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Recent Entertainment articles from Daily Dot

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    There’s a lot of funny content on the Internet, but you have to know where to look. Is Twitter your short zinger jam? Is it video you’re looking for? You might just want to go right to WhoHaha, a new site launched by actress/producer/director Elizabeth Banks. Its clever title refers to the “who” behind the “haha,” which is obviously women. 

    “I thought could provide a place where young women could go to see some role models and get inspired,” Banks explained during a recent interview on The Ellen DeGeneres Show. “I felt like there was not a community online that really showcased funny women.”

    The videos on WhoHaha are all short, sharable, and well-produced, covering TV tropes, corporate commercials, apps, social media, and casual sexism and racism, as well as humorous takes on sexuality, dating, friendships, and relationships. Among the homegrown content produced by up-and-coming female-identified comedians, there are also SNL clips, previews of Inside Amy Schumer, trailers for Netflix shows like The Characters, and links to Broad City previews.

    The concept for the site came from a place of love rather than defensiveness or fear of not being seen. It’s also just practical. Consider sites like Funny or Die, which necessitate one to wade through content just to find women. 

    “It’s difficult to pull off the ‘ladies-only site’ without being hokey,” said comedian Laura Sanders, whose work is featured on WhoHaha. Her collaborative video Dongher, made with sketch comedy writing partner Lisa Berry, presents a solution to the Tinderization of feeling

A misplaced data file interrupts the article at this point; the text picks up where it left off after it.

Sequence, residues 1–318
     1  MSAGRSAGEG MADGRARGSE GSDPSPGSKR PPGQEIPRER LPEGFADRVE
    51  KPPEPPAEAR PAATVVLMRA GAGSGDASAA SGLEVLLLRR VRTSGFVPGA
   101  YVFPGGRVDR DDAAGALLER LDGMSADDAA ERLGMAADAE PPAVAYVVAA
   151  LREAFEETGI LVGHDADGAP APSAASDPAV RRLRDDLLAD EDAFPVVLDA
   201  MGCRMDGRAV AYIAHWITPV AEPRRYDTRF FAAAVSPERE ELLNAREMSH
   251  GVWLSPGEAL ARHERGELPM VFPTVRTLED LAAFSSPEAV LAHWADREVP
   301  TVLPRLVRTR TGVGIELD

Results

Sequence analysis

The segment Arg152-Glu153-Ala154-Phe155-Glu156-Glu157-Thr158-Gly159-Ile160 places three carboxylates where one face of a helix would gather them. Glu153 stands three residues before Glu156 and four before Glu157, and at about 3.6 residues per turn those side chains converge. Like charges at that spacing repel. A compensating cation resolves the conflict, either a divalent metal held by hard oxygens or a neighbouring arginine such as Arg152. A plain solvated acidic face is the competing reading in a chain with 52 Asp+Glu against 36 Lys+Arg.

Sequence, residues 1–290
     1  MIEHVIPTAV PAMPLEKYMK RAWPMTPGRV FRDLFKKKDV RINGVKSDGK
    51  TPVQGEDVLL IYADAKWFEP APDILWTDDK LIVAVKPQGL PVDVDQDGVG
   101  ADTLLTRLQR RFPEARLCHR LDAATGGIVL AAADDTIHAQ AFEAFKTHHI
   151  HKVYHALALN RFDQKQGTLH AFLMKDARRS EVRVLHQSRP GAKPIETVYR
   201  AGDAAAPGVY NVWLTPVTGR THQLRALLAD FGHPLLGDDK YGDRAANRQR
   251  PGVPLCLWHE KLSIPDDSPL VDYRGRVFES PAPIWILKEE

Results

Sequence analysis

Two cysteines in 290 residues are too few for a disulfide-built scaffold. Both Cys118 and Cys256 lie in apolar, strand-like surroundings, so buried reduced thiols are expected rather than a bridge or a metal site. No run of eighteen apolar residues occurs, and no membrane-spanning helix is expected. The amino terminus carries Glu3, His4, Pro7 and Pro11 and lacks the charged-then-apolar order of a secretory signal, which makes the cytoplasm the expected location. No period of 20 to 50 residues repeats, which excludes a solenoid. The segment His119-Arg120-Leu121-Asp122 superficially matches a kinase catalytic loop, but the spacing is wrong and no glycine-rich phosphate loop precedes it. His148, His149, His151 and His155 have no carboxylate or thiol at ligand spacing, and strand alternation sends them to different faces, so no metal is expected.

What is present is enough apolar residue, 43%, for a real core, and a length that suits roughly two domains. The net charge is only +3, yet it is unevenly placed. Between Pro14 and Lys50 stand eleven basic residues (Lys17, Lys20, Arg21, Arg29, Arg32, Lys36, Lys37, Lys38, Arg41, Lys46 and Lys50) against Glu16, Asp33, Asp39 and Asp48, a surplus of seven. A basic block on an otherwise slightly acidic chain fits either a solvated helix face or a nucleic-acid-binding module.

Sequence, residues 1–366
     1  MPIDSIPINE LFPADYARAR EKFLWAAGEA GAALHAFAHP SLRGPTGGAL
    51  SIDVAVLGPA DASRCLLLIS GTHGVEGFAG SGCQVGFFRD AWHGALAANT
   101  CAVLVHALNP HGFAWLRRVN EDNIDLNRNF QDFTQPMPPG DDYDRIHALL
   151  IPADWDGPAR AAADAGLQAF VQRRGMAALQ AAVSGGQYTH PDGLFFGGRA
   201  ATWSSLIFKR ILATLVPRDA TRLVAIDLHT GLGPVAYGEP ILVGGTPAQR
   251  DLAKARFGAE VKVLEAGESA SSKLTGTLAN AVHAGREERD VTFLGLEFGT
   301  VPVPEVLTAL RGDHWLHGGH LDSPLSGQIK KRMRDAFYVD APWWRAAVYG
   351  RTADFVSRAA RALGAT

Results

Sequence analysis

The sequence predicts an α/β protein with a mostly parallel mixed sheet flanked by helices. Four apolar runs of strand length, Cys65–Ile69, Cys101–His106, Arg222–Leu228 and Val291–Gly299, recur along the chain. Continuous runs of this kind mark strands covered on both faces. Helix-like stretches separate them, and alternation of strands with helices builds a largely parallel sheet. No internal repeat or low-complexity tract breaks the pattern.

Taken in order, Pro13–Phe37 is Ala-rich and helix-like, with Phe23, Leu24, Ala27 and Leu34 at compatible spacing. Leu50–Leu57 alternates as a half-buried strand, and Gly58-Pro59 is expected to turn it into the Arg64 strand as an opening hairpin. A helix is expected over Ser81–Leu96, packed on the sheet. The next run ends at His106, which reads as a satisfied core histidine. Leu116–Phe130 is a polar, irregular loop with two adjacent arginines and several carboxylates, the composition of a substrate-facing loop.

“Sites like Jezebel have humor but they’re not focused on that,” she said. “If you want to go for humor, you probably don’t also want to see a news piece that’s about terror.” 

    Vana Dabney and Deirdre Devlin’s video “Unboxing a Boyfriend”—which spoofs the “how to wrap or unwrap something” YouTube videos coupled with the seeming “convenience” inherent in the millennial’s search for a love/romance/sex/adventure/lust—pokes fun at how convenient it would be to have a perfect partner delivered to one’s doorstep without any of the work required to have real intimacy with another human being. It also explores the pleasure of objectifying men. Dabney and Devlin see WhoHaha as a type of incubator, a place where emerging female comedic talent can be seen.

    “Having an A-list celebrity like Elizabeth Banks say, ‘Hey, I am going to gather these funny women from the Internet, different comedians, and put them all here’ is awesome,” said Devlin. “It’s great to be a part of that group. Most of the women on the site are our friends or our peers.”

    “It will be interesting to see what they do longterm—if this becomes a place to launch female comedians’ careers, or just a curated womens’ site,” added Dabney.

    Others featured on the site didn’t even know that they’d been selected until someone tweeted them a link. Such was the case with L.A. comedian Petey Gibson, whose webseries Meals with Mary is a satire of TV cooking shows that features her alter ego, Mary Dolan, a very old, hopelessly heterosexual woman who is rather aggressive toward basically everyone she encounters. In real life, Gibson is none of those things, which makes Mary even stranger.

    “It’s a great, interactive, funny site full of funny women, and it’s not coming from a defensive place, or like an ‘Oh, let me just show you what you can do,’” said Gibson. “It puts women front and center rather than [having to] wade through flaccid dick jokes or rape jokes.”